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Routers & WAN Bandwidth

Cisco specifies WAN Bandwidth limits for its ISR routers starting from 2 Mbps for the 1841 to 45 Mbps for 3845.What is/are the factor(s) that dictate the maximum WAN bandwidth that can be handled by a Router whereas there is no limit(other than the interface speed)for routing between two LAN networks that terminate on the integrated LAN interfaces?

Hall of Fame Super Silver

Re: Routers & WAN Bandwidth

Hello Sumesh,

these estimates are conservative and are made taking in account the usage of QoS in the form of outbound scheduler with congestion avoidance and possibly security features like ip inspect.

You could have also some form of encryption but I don't think they are included.

On lan interfaces usually routers may simply forward frames without any QoS feature and no acl applied.

To be correct before the interface wire speeds the key parameter is the pps = packet per second that can be processed and this on ISR routers is directly related to the cpu speed and power.

So you cannot expect even a C3845 to be able to use a GE port at wire speed with the smallest packets:

full duplex 1000 Mbps of 64 bytes frames means 1,489,000 frames sent and 1,489,000 received that is much more then the declared pps for C3845 (500,000 pps)

1841 is supposed to support 75,000 pps

3845 supports 500,000 pps

Some years ago I did performance tests on software based routers like c7200 and c7500 and every feature we enabled leaded to some performance reduction.

Hope to help



Re: Routers & WAN Bandwidth

First, Cisco dont specify WAN bandwidth 2Mb/45M. This speed is defined by the Transmission Technoligies who carries data between 2 routers. Read SONET/SDH will clarify ur concern.

Second, Cisco trying to make product as per customer requirement. Will there be customers who will be willing to pay for more 2/45Mb ports on these routers. As the cost of 2/45 MB lease line is too much.

New Member

Re: Routers & WAN Bandwidth

Please refer Q & A of ISR Routers on the website.Cisco does specify BW for ISR Routers


Re: Routers & WAN Bandwidth

Ok let me ask you this if cisco make WAN port with 3Mbps, can any service provider give you that bandwidth? ask ur service provider what bandwidth they can provide you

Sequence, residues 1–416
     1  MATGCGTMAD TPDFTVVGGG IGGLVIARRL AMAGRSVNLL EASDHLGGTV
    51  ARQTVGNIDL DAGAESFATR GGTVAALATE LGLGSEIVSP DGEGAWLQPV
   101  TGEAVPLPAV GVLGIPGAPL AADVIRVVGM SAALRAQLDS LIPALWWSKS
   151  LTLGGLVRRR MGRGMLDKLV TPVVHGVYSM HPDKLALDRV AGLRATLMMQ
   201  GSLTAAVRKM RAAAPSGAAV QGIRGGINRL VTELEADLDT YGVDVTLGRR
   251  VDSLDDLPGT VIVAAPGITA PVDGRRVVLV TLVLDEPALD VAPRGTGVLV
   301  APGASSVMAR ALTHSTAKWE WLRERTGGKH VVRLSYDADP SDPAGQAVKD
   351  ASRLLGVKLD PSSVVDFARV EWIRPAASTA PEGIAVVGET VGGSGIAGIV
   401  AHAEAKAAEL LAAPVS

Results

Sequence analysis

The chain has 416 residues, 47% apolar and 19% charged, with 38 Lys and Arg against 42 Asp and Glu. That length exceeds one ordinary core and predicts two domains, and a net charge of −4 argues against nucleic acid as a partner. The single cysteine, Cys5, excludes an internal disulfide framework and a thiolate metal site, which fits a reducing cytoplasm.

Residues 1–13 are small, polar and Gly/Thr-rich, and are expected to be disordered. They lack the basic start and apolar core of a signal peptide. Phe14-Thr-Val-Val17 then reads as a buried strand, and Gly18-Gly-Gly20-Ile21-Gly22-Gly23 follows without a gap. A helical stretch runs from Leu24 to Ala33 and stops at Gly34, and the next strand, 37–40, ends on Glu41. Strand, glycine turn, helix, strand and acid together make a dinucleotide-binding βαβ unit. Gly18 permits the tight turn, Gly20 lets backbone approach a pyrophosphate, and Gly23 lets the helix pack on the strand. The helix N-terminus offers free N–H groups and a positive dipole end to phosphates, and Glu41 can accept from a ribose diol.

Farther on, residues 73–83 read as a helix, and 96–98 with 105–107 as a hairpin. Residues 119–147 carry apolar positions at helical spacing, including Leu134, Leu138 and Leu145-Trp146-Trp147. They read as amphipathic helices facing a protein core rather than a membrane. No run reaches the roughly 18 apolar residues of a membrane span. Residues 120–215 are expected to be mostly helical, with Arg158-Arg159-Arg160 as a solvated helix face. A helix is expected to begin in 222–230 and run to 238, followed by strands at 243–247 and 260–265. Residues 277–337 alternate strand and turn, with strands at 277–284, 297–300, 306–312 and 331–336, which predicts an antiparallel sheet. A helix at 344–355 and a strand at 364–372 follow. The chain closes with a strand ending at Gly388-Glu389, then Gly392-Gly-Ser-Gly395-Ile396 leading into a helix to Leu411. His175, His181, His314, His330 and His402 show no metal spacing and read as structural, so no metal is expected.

Speed of 2mbps/45Mbps is defined by the technologies who carries this data and cisco have to comply with those standard.

New Member

Re: Routers & WAN Bandwidth

Service Providers can give you a BW of 3 Mbps on Ethernet terminations.Please chk with your service provider.

I am not here to debate.I have got the answer to my question.For your sake refer this url


Re: Routers & WAN Bandwidth

service provider can give you 100Mbps on ethernet. Hope u r not expecting to have 10Gbps ethernet inteface in 1800 or 2800 series router.

Please check(taking from the same link you have provided me) the cost of 2801 supports 1 T1/E1 or 2851 which supports 6 T1/E1.

R u trying to figure out why a family car cannot give speed of a racing/sports car.

Super Bronze

Re: Routers & WAN Bandwidth

The limiting factor, for the software based routers, is the performance of the CPU. As the traffic load increases, so does the CPU load. When the CPU load approaches 100%, router is unable to continue to increase amount of traffic it can forward.

Beside just forwarding traffic which consumes CPU, additional configuration features will increase the load on the CPU for the same amount of overall traffic. Features such as ACLs or QoS are examples.

Software routers have an optimized path that processes most "normal" traffic. Some traffic, alone, or depending on the features being used by the router, will cause the router to process traffic in a much less optimal manner which is often about 10x or even more slower. This is known as processed switched traffic.

The WAN bandwidths you've seen listed are very conservative, but they do tend to insure you're unlikely to encounter a performance limitation if you go by them.

Some make the mistake when they see a small router with a FastEthernet or GigEthernet interface, that it's capable of routing LAN traffic at such speeds, but that's seldom true. For LAN routing, the L3 switches offer much, much more performance although usually with a loss of some of the more advanced WAN routing features. (E.g. LAN L3 switches QoS is often limited compared to small WAN routers.)

As a comparison, the 3845, the most powerful ISR is rated at 500 Kpps (good for about 335 Mbps Ethernet for 64 byte packets) but the little 8 port L3 switch, the Catalyst 3560-8PC, is rated at 2.7 Mpps (good for about 1.8 Gbps Ethernet for 64 byte packets).

Re: Routers & WAN Bandwidth

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